The North Star (which remains in one spot year-round) is the lead star of the seven-star LITTLE DIPPER, which pours into the Big Dipper. But you have to be at a very dark site—like a farm or a cottage away from city lights—to be able to make out the Little Dipper.

There is something unique about one of the seven stars of the Big Dipper. Look carefully at the second star from the end of the Dipper’s handle and you’ll spot a double star, ALCOR & MIZAR. The star duo is more definitive with binoculars or a telescope.

The brightest star now in the night sky (as it was in summer) is Arcturus, replacing Sirius, last winter’s titleholder. Here’s how you find Arcturus: First, locate the BIG DIPPER high overhead. Then draw an imaginary arc-shaped line beyond the handle of the Big Dipper and you will see Arcturus.

That’s why some astronomers say, “Let’s arc to Arcturus.” However, don’t wait too long to find it as it disappears over the western horizon in late September.

Jupiter

The largest planet in the solar system, Jupiter, is now (mid-Sept.) visible around midnight. It would be best to wait until mid-Oct. when it will appear shortly after it gets dark as a very brig"t “s"ar” in the east.

Jupiter appears as a star because it's five times as far from the Sun as the Earth. Since it’s so far away, it takes a long time to circle the Sun. If you are 12 years old, you have something in common with Jupiter: the time you've been on Earth is the same the gaseous planet has taken to orbit the Sun once.

Jupiter and four moons

Jupiter, the fifth planet from the Sun, is a huge gas ball of helium and hydrogen. Its diameter of 143,000 km is so big that 11 Earths could fit across it. To put it another way, its volume could contain as many as 1,300 Earths.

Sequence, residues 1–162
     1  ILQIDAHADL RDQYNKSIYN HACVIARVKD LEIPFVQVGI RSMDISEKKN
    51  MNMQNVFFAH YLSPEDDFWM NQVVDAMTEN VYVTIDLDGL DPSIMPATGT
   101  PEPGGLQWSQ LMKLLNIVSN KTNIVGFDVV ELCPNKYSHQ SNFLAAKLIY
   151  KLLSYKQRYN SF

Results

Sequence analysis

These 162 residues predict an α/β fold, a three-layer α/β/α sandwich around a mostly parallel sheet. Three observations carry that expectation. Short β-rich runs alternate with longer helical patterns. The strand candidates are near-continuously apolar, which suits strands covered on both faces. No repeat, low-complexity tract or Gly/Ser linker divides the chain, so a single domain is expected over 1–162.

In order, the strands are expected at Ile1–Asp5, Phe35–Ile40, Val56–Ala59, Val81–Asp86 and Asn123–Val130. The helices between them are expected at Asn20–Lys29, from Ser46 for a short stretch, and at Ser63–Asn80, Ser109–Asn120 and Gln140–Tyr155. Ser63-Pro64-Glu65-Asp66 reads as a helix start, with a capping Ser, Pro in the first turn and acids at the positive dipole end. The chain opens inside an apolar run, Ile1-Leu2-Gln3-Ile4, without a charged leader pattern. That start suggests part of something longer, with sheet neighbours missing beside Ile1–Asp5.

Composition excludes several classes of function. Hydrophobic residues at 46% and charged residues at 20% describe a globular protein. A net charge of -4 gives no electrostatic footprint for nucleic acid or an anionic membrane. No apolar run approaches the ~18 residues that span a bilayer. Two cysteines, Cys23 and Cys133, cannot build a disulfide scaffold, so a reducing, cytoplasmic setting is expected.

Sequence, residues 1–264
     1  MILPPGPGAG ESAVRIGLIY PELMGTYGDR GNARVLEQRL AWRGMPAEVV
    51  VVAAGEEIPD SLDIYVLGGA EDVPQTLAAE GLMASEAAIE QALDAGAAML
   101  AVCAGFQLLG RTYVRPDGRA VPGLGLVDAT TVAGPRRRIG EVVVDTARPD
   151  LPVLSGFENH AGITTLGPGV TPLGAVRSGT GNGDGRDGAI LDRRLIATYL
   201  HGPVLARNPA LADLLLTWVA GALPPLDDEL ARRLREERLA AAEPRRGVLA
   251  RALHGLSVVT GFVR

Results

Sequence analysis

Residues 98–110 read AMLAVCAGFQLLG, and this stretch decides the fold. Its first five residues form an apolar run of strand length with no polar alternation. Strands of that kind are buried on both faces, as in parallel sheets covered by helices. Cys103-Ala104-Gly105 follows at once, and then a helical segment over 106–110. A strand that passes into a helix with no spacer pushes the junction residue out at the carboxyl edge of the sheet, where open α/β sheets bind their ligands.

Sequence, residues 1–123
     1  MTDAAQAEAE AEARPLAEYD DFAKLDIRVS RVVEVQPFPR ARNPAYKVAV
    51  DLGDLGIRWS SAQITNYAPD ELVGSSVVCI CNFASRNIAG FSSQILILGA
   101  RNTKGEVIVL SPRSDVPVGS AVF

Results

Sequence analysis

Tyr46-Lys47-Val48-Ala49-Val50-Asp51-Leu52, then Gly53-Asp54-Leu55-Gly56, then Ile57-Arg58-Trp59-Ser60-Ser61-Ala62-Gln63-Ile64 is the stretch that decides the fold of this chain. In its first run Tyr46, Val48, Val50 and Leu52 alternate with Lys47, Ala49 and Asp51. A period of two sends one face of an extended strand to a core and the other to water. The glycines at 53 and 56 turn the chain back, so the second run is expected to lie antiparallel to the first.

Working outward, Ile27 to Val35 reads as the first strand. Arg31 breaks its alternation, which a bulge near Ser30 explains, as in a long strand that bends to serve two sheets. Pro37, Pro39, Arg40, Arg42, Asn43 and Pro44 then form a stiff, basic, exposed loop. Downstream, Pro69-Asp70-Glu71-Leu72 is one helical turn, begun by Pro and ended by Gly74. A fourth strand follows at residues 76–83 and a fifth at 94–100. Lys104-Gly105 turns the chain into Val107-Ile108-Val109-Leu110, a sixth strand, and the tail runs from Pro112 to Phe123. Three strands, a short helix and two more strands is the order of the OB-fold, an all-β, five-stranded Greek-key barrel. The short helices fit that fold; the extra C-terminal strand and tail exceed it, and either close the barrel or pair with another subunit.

Are you aware there are about 150 moons in the solar system? Because of the powerful magnetic fields of the four gaseous planets—Jupiter, Saturn, Uranus and Neptune—they have most of the moons. Since Jupiter has 65 moons, some observers refer to the giant planet as a mini solar system.

If you aim a telescope at Jupiter, you will see more than a white disc (as well as some parallel lines representing layers of gas). Look closely and you’ll spot the planet’s four largest moons. Jupiter’s remaining 61 moons are too small to be seen.

Even though these four moons appear as tiny dots, they are about the same size as the Moon. They are always in a straight line because they are rotating around Jupiter’s equator. Usually they appear in three patterns: (1) three on one side and one on the other, (2) two on either side, or (3) four on one side.

If only three moons appear, it means one is either in front of (or behind) Jupiter. The four largest moons, called IO, EUROPA, GANYMEDE and CALLISTO, are known as the Galilean moons after Galileo who discovered them four centuries ago.

You can Google the moons to learn about their surface features and size. For example, an ocean capped with fractured ice fields covers Europa. There might be microscopic life in that frigid ocean!

The Moon

Moon

The brightest object in the night sky--some astronomers say the most rewarding—is the MOON. Between September 19 and Oct. 29, you'll see the Moon display it's early evening phases:

  • Sept. 19 and Oct. 18: crescent Moon
  • Sept. 22 and Oct. 21: first quarter Moon
  • Sept. 29 and Oct. 29: full Moon
Craters and "seas" (the grey areas of the Moon) can be easily picked out with binoculars or a low power telescope. The secret to viewing the night sky with binoculars is to keep them as steady as possible: either mount them on a tripod or sit back in a lounge chair.

Where to look for the Moon after sunset? The crescent phase will appear in the west, the quarter phase in the south and the full Moon in the east.

Did you know that the Moon's craters are the result of our closest celestial object being pummelled and battered by giant space rocks or asteroids? If the Moon had an atmosphere, the craters would have long eroded away from wind and water erosion like what happened here on Earth. But because there is no atmosphere on the Moon, the craters have not changed ever since they were formed.

The Moon’s craters and mountains are most dramatic if you look near the terminator—the line that separates the dark side from the sunlit side. That’s because the shadows created by the Sun are the longest. If you look through a telescope, you can even spot crater walls disappearing into the shadows.